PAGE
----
The Tell-Tale Treasure

THE BOOK: The Tell-Tale Treasure

PUBLISHED IN: 2016

THE AUTHOR: Diane Sawyer.

THE EDITOR: Melisa Taylor.

THE PUBLISHER: Terri Gerrell, Southern Yellow Pine (SYP) Publishing

SUMMARY: When Rosie Renard, owner of Rosie’s Treasures, a second-hand shop in St. Petersburg, Florida, explores the contents of an ordinary footlocker she bought at an estate sale, she discovers items belonging to Ivy Chen, a world-renowned musician. Miss Chen went missing from St. Petersburg more than three years ago after performing with the Florida Orchestra, mesmerizing audiences with her exotic instrument, the erhu. Every lead was followed, but no arrests were made and the case turned cold. Rosie reports her discovery to the police and the cold-case detectives in charge of the case race to Rosie’s shop. Wasting no time, they track down new leads that point to a kidnapping, re-examine everything, and re-interview everyone from the original investigation. Rosie’s discovery heats up the cold case, but time is running out. Can ivy still be alive? If word leaks out that new evidence has surfaced and that Rosie is responsible, the kidnapper might kill Ivy, cover his tracks, and come after Rosie. The clock is ticking. Every second counts.

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THE BACK STORY: The idea for The Tell-Tale Treasure came about when my husband and I attended a classical music concert featuring a soloist who played a wooden instrument, the erhu, sometimes referred to as a Chinese violin or Chinese fiddle. The erhu was unfamiliar to me. The program noted that many people hear a woman’s voice in the sound coming from the instrument and some insist the woman is weeping. Another interesting detail: A dragon is sometimes carved into the “neck” of the erhu. Convinced this would make an unusual story, I researched Chinese music, culture, dragons, and much more. With Ivy beaten, weakened, and held in a horrible windowless prison, I knew readers would want to see how she survives and would cheer her on as she plans a daring escape. I relied on Rosie—athletic, self-employed and free to go where she pleases, and highly motivated because of a tragedy in her own family—to do everything possible to find Ivy. Readers will cheer for her every step of the way. The undeniable role of music, art, philosophy, and love as survival skills adds an interesting twist to the plot.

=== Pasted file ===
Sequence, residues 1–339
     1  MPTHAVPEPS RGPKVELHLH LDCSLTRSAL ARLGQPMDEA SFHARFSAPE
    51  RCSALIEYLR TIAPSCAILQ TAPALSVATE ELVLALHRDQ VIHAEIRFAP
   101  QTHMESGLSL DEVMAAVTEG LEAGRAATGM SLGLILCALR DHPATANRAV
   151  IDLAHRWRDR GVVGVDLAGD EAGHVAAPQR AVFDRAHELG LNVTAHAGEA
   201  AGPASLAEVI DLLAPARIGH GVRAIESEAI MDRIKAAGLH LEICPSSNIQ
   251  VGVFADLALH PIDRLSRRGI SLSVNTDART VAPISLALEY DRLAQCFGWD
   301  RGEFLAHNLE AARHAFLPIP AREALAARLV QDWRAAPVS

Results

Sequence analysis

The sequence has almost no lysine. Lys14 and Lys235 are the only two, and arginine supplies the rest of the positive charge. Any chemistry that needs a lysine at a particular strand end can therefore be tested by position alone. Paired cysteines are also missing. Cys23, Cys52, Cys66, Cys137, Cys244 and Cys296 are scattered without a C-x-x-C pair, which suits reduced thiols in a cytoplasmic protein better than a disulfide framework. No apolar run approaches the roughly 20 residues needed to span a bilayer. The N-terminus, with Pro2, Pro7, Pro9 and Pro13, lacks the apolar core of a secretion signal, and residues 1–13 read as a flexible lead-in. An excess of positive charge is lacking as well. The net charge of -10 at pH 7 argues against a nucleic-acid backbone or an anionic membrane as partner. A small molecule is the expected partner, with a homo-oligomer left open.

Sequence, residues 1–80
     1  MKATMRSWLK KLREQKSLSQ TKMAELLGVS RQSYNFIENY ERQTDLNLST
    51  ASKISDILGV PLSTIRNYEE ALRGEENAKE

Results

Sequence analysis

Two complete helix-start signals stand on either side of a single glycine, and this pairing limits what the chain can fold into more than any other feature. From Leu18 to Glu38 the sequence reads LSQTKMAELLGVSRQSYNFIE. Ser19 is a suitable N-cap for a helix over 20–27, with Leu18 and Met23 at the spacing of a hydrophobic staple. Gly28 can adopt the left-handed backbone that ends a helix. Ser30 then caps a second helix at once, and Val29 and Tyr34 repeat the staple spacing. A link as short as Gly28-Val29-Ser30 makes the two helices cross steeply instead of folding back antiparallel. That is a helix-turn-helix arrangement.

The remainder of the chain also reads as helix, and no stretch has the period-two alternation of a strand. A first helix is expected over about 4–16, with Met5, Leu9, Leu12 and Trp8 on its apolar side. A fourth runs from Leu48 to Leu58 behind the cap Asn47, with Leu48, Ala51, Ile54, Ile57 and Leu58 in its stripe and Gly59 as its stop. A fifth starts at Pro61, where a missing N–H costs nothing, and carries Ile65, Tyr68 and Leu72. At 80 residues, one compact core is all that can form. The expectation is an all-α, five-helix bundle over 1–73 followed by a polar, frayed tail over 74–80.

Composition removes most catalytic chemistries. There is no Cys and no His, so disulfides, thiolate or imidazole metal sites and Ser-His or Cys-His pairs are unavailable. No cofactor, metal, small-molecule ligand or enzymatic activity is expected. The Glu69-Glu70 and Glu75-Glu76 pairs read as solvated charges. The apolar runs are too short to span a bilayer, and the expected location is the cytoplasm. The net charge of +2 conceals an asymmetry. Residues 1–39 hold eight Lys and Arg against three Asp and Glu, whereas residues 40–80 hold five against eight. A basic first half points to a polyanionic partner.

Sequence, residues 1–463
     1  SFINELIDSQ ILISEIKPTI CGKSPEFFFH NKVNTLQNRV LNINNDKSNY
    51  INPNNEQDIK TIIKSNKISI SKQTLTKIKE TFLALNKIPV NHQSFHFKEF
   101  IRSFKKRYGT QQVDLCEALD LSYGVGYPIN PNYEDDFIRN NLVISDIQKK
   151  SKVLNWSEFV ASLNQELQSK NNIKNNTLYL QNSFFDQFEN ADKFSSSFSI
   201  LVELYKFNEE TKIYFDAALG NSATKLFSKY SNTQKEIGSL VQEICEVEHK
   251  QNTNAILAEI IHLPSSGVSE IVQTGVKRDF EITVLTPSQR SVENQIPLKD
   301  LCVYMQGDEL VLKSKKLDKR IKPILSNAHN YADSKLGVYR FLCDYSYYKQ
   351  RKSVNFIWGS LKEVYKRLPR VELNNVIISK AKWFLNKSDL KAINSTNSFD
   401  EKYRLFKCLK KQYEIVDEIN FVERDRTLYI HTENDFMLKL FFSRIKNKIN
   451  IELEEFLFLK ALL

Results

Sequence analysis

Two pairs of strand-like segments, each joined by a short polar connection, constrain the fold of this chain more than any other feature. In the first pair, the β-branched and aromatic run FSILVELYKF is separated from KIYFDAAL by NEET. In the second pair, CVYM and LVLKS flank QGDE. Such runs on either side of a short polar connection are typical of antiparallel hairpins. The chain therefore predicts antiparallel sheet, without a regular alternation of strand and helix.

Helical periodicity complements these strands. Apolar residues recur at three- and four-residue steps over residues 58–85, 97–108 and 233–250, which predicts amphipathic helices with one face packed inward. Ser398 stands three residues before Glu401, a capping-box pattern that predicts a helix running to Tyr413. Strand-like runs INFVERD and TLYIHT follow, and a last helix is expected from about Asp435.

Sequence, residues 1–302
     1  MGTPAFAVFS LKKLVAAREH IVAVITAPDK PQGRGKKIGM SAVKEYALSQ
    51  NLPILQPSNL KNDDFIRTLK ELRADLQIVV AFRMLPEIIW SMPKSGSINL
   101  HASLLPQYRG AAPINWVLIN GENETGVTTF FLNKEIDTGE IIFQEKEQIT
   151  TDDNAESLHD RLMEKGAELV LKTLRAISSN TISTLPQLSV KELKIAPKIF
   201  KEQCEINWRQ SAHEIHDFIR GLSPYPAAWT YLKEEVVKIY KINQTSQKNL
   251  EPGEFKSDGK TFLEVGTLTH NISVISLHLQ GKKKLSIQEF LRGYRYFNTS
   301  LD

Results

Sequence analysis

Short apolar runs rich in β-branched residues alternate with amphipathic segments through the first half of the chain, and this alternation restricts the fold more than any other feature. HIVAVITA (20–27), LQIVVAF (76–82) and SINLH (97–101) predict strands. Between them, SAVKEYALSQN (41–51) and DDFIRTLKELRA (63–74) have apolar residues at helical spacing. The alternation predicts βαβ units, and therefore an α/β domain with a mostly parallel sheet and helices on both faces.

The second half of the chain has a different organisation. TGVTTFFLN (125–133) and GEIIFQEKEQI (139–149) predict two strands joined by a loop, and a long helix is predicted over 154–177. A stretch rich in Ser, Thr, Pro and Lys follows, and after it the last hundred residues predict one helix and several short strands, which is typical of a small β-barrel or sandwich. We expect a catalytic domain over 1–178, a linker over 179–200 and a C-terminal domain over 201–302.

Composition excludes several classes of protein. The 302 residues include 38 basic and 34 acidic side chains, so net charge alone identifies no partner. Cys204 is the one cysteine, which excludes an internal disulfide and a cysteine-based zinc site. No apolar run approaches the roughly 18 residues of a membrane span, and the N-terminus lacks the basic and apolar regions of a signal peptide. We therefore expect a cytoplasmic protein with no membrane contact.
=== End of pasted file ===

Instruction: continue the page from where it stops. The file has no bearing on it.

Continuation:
WHY THIS TITLE? I named my fifth novel The Treasures of Montauk Cove. The word “treasure” stuck with me. When I decided that Rosie would own a second-hand shop, I named it Rosie’s Treasures (leaving open the possibility of a series, where Rosie could find other treasures that would lead to interesting stories.)

WHY WOULD SOMEONE WANT TO READ IT? The beautiful cover designed by Gina Smith would invite readers to find out what the treasure actually is and what tale it will tell. Some might recall Poe’s The Tell-Tale Heart and be curious. Many might wonder what the musical instrument, the erhu, adds to the story. The blurb on the back cover would encourage the reader to answer these questions: Can Ivy forsake her basic beliefs and kill her captor? Can Rosie survive a physical confrontation with him?

AUTHOR PROFILE: Diane Sawyer grew up in Greenport, Long Island. She graduated from SUNY at Albany, Seton Hall University, and Fordham University, where she received a Ph.D. She now resides in St. Petersburg, Florida, with her husband, Robert. Her short stories have won awards. Her novels have been published internationally. She is a frequent guest speaker at writing groups and workshops.

The Tell-Tale Treasure is Diane’s first novel for SYP, Southern Yellow Pine Publishing. Others will soon follow. Her five previous novels—The Montauk Mystery, The Montauk Steps, The Tomoka Mystery, The Cinderella Murders, and The Treasures of Montauk Cove—were published originally in hardcover by Avalon, then paperback by World Wide Mysteries, and recently in hardcover, paperback, and e-book by Thomas & Mercer, the mystery division of Amazon.

When not writing, Diane volunteers as a docent at the Dalí Museum. She also serves as Secretary of the Friends of the South Community Library in St. Petersburg. Diane loves fitness, adventure traveling, meeting people, and spending time with her family.

WHERE TO BUY IT: http://www.syppublishing.com

http://www.amazon.com http://www.barnesandnoble.com

PRICE: $17.95 +tax